Over at the CX-9, the Grand Touring AWD begins at $42,270. With a couple of options including the Soul Red paint, the as-tested price came to $43,905. The comparable Atlas V6 SEL with 4Motion is only $30 more expensive when you factor in destination. Both come closely matched in terms of equipment with the only differences being the Grand Touring has navigation, while the SEL comes with a panoramic sunroof. This one is a draw as it will come down whether space or luxury is more important to you.
      Verdict
      Coming in second is the Mazda CX-9. It may have the sharpest exterior in the class, a premium interior that could embarrass some luxury cars, and pleasing driving characteristics. But ultimately, the CX-9 falls down on the key thing buyers want; space. It trails most everyone in passenger and cargo space. That is ultimately the price you pay for all of the positives listed. 
      For a first attempt, Volkswagen knocked it out of the park with the Atlas. It is a bit sluggish when leaving a stop and doesn’t have as luxurious of an interior as the CX-9. But Volkswagen gave the Atlas one of the largest interiors of the class, a chassis that balances a smooth ride with excellent body control, impressive fuel economy, and a price that won’t break the bank.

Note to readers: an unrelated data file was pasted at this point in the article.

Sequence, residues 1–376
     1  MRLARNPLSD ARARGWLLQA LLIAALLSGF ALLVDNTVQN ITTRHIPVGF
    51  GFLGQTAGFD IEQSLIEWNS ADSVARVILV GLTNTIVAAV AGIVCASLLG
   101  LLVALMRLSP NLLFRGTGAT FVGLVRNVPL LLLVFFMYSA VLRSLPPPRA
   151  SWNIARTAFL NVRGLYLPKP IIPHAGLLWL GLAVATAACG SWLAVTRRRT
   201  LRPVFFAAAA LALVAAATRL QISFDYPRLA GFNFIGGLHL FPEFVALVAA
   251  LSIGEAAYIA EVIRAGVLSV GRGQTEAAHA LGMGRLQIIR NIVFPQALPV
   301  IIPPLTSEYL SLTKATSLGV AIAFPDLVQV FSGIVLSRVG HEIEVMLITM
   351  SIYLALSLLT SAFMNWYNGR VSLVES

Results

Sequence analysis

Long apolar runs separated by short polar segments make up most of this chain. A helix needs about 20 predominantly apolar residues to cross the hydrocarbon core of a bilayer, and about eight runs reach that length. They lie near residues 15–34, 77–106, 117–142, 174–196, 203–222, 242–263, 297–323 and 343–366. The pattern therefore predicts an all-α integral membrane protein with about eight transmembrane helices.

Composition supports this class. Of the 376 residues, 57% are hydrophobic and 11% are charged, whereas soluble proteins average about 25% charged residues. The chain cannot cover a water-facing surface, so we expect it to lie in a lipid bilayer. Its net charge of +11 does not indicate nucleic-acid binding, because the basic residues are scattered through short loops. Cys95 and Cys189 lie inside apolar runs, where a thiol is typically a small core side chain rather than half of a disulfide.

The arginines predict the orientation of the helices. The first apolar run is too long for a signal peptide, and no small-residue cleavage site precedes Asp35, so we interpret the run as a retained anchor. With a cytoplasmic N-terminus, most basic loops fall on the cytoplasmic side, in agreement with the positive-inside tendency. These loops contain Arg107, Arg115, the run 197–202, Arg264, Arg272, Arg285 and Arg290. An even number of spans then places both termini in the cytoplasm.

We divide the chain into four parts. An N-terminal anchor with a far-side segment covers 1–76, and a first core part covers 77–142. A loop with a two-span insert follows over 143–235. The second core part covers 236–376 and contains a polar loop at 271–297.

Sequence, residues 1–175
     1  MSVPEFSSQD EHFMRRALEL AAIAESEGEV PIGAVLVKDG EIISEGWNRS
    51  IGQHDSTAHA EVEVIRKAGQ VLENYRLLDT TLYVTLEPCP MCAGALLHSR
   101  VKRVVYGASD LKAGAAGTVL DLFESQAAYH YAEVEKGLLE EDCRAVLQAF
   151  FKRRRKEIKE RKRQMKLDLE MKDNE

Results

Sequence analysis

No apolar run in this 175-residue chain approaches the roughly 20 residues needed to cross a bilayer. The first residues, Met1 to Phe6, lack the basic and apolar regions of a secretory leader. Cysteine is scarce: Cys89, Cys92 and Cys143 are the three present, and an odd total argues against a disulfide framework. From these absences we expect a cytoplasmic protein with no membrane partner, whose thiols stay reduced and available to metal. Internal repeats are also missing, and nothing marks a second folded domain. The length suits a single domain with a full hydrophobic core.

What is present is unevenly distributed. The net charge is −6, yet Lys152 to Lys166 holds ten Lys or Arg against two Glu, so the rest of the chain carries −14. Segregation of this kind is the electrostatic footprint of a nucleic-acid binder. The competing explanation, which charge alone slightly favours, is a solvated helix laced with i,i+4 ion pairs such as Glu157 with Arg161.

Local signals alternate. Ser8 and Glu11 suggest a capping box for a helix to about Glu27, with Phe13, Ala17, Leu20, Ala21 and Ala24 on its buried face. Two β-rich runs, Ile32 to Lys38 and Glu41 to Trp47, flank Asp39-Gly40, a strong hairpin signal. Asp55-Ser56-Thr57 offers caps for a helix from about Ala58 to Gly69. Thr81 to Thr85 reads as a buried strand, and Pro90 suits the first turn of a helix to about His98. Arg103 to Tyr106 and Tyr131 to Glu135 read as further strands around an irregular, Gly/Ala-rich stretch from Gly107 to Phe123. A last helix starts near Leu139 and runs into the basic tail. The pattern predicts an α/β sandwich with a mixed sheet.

Both of these crossovers are impressive and worthy of being at the top of the consideration list. But at the end of the day, the Atlas does the three-row crossover better than the CX-9.
      Disclaimer: Mazda and Volkswagen Provided the Vehicles, Insurance, and One Tank of Gas
      Year: 2018
      Make: Mazda
      Model: CX-9
      Trim: Grand Touring AWD
      Engine: Turbocharged 2.5L Skyactiv-G Four-Cylinder
      Driveline: Six-Speed Automatic, All-Wheel Drive
      Horsepower @ RPM: 227 @ 5,000 (Regular), 250 @ 5,000 (Premium)
      Torque @ RPM: 310 @ 2,000 rpm
      Fuel Economy: City/Highway/Combined - 20/26/23
      Curb Weight: 4,361 lbs
      Location of Manufacture: Hiroshima, Japan
      Base Price: $42,470
      As Tested Price: $43,905 (Includes $940.00 Destination Charge)
      Options:
      Soul Red Metallic - $595.00
      Cargo Mat - $100.00
      Year: 2018
      Make: Volkswagen
      Model: Atlas
      Trim: 2.0T SE w/Technology
      Engine: Turbocharged 2.0L DOHC 16-Valve TSI Four-Cylinder
      Driveline: Eight-Speed Automatic, Front-Wheel Drive
      Horsepower @ RPM: 235 @ 4,500
      Torque @ RPM: 258 @ 1,600
      Fuel Economy: City/Highway/Combined - 22/26/24
      Curb Weight: 4,222 lbs
      Location of Manufacture: Chattanooga, TN
      Base Price: $35,690
      As Tested Price: $36,615 (Includes $925.00 Destination Charge)
      Options: N/A

      View full article
    • By William Maley